Field experiments have been undergoing at the Látókép Experiment Site of the University of Debrecen for more than three decades. Based on the data series of these long-term experiments, the weather differences caused by the different crop years greatly affect yield. There is an average quantitative correlation between the two variables, since, in addition to the total amount of precipitation, its temporal distribution is also a significant yield affecting factor. In dry years, the average yield was 6.956 t ha-1, while water supply resulting from precipitation significantly increased maize yield (by 2.142 t ha-1). In dry years, the average yield of maize was 5.183 t ha-1 without fertilisation, while it was 6.785 t ha-1 in wet years (Figure 1–2).

The lowest average yield of maize was observed in the dry year of 2007 (4.896 t ha-1) and the highest yield (11.130 t ha-1) was harvested in the wet year of 2016 (Figure 3–4).

The effect of fertiliser treatments on yield is different due to the variability of climatic factors. Under circumstances prone drought, but especially in several consecutive dry years, it is recommended to apply lower fertiliser doses of a maximum of 60 kg N per hectare. By applying any higher fertiliser dose (1995), the producer increases the risk of maize production and reduces the success of production. In the case of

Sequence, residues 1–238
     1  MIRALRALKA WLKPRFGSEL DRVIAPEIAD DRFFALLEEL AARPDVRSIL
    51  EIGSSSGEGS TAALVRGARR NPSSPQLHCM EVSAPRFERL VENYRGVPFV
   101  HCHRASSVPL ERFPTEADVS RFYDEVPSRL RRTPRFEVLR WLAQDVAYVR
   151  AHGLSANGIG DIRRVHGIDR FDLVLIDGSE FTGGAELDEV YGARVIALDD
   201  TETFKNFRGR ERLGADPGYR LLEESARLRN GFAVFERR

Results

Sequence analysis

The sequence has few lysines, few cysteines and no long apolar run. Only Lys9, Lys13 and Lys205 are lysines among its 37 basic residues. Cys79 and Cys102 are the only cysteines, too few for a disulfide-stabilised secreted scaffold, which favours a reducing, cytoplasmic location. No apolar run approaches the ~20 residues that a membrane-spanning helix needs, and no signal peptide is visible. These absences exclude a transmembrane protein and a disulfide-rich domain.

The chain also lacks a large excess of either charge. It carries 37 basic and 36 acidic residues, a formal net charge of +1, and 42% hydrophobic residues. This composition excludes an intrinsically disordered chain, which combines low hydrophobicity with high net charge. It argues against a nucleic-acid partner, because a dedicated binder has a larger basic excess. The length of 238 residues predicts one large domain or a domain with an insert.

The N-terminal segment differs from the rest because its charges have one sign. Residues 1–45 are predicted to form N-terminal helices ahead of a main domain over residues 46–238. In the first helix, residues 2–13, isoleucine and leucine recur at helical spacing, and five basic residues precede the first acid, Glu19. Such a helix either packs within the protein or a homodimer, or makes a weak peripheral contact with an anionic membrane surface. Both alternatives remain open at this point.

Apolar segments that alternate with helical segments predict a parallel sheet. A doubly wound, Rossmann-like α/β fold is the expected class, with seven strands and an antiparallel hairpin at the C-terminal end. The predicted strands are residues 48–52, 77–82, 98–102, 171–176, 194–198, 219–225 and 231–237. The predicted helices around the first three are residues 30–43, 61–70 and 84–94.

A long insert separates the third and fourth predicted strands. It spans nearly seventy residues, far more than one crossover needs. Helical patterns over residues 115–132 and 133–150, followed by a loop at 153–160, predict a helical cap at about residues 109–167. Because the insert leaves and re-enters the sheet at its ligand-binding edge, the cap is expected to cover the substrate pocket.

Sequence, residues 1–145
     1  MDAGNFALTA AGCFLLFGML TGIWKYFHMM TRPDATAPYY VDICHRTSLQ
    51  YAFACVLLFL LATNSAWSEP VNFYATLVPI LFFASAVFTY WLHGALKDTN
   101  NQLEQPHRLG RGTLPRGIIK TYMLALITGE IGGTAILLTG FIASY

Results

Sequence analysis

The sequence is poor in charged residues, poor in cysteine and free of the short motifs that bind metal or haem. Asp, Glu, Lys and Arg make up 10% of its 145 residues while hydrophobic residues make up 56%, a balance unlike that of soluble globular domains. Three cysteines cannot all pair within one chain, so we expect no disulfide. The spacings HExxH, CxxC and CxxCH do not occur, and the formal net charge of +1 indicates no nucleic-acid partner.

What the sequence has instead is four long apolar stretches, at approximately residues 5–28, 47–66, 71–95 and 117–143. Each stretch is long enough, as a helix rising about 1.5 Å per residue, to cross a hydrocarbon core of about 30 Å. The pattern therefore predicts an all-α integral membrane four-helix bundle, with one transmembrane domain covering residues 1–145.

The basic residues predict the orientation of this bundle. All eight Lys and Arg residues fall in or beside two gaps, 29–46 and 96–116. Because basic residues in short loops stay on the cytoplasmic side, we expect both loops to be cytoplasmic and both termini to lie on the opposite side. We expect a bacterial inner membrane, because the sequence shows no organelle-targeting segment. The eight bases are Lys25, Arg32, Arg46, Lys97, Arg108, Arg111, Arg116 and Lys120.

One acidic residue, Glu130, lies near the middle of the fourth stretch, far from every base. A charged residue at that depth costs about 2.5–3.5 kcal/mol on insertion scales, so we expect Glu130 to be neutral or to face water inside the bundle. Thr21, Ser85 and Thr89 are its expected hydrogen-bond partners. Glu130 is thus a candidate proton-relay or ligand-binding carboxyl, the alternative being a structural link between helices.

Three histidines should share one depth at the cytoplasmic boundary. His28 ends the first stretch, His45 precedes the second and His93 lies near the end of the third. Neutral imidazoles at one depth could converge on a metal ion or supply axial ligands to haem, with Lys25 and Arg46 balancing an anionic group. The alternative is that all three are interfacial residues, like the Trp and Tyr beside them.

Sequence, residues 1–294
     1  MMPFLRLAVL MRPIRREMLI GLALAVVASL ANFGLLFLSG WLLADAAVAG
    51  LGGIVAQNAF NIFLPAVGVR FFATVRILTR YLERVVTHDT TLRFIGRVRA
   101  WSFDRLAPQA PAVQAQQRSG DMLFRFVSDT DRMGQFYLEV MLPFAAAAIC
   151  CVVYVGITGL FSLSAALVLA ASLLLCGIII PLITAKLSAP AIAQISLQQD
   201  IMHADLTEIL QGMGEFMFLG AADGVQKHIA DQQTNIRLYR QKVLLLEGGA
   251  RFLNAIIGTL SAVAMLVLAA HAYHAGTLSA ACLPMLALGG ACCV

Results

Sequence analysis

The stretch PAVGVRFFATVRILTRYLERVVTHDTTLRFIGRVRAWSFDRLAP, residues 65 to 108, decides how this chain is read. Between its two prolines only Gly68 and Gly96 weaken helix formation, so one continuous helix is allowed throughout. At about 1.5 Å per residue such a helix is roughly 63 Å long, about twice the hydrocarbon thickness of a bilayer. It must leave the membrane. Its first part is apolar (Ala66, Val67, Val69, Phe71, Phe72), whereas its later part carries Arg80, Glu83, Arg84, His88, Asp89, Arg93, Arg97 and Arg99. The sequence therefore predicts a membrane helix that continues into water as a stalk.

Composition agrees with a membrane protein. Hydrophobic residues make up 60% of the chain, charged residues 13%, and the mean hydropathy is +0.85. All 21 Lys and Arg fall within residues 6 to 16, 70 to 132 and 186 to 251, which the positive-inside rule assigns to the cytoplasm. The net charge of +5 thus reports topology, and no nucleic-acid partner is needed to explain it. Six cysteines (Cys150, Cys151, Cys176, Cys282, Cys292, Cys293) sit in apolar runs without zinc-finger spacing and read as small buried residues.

favourable water supply, 120 kg N ha-1 is recommended to be applied.

As a part of this research work, we examined the alternatives of minimum tillage with the aim to reduce compaction and production costs.


The most favourable conditions for maize were provided by autumn ploughing. Yield per hectare was one ton (12%) higher than in the case of the spring tillage. The effect of primary tillage on yield was different in each crop year and it greatly depended on water supply. The yield surplus resulting from autumn ploughing – without fertilisation – was 1.4–2.3 t ha-1 in comparison with spring shallow tillage, while this value was 2.8–3.3 t ha-1 in fertilised treatments.

Figure 1. The natural nutrient conversion ability of maize in dry years (Debrecen, 1999–2016)